Grappling with Google Analytics for live streams

Google analytics.

In this article, I want to share my experience with video streaming for one of our projects You could find more about this project here:


At we restream YouTube content in playlists. We wondered what is the average video playtime and what videos are most popular?

In our last major experience with Google Analytics, we were grappling with AdMob, advertising, and ROI. In a few words, we had to count the return of investment for mobile app advertising.

Suppose a user came from the ad, installed the app, made an order and in the case of success, we had to count how much it cost to acquire the user, and how much money user returned using our app.

For we wanted to know what videos in Livestream are popular, which stream is most watched and which has the longest playtime. That was our next challenge with Google Analytics.

Solving the challenge

Google Analytics side

The Google Analytics part involved the addition of variables in ‘Custom Dimensions’ and ‘Custom Metrics’ in order to receive the variable values from the streamer. We then used them to create additional variables in ‘Calculated Metrics’.

Screenshot from GA.

The technical side

In this part, there are two sides of the solution.

  1. Frontend part. We send data to Google analytics by an interval.
  2. Server side part. We need to send what video file is started to stream

On the frontend, the idea is to send data to Google analytics periodically with constant interval while a user is watching video on the website.

We need to send event. We decided to send these values:

  1. Stream slug as event category
  2. progress as an event action
  3. dimension2 is id of our custom dimension
  4. metric3 is our id for custom metric

Working code:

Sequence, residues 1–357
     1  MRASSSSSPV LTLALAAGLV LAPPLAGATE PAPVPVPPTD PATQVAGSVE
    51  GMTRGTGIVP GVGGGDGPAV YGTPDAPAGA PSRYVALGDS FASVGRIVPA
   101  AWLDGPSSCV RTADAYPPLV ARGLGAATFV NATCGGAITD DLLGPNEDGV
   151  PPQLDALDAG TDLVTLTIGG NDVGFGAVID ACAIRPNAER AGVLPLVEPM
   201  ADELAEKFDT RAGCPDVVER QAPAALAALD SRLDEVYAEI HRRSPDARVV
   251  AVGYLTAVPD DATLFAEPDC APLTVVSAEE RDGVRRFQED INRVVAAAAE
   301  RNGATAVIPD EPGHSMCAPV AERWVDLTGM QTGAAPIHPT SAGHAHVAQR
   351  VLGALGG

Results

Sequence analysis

On the streamer, we need to know what video was most popular on our custom live stream and only streamer knows which video is broadcasting now.

In my opinion, the best way to send data from the backend is repeated frontend request with your data. I opened network tab in ‘Developer Console’ and after some tries, I found that we need to send these data values to google analytics:

  1. “v” = 1
  2. cid — client uuid
  3. t = “event”
  4. ec — event category
  5. el — event label
  6. tid- your google analytics tracking id

Final result

Once we configured the streamer and added the variables, we started receiving additional data from our streams. With this data, we created several custom reports showing top channels by users and average user playtime.

Screenshot from GA.

As a result, we know what is preferred by users, and how to further improve the streamer content.

Screenshot from GA.

PS: is an open source project and available here, without this feature.

Sharing your expertise is almost as important as gaining this expertise. Anastasia Rostova (Raspopina) in her article shares her knowledge on how to become a techn blogger.

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